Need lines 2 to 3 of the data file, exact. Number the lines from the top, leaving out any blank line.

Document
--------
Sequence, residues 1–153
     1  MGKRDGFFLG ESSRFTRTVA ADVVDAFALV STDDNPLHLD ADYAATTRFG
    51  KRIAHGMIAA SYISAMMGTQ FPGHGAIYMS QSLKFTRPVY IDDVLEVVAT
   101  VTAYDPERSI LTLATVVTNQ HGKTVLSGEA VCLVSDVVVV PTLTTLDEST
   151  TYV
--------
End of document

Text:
     1  MGKRDGFFLG ESSRFTRTVA ADVVDAFALV STDDNPLHLD ADYAATTRFG
    51  KRIAHGMIAA SYISAMMGTQ FPGHGAIYMS QSLKFTRPVY IDDVLEVVAT